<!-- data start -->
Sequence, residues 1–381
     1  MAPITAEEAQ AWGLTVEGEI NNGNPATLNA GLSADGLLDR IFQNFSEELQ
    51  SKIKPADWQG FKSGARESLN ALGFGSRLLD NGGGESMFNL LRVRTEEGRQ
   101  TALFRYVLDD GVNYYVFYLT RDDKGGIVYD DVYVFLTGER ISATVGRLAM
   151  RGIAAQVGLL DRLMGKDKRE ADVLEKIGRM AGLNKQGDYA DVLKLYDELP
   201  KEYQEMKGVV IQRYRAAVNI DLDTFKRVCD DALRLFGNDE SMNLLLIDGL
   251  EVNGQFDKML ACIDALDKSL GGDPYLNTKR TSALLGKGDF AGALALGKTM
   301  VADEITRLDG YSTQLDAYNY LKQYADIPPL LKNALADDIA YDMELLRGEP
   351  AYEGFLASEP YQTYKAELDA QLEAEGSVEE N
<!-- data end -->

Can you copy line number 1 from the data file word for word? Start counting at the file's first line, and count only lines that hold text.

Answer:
Sequence, residues 1–381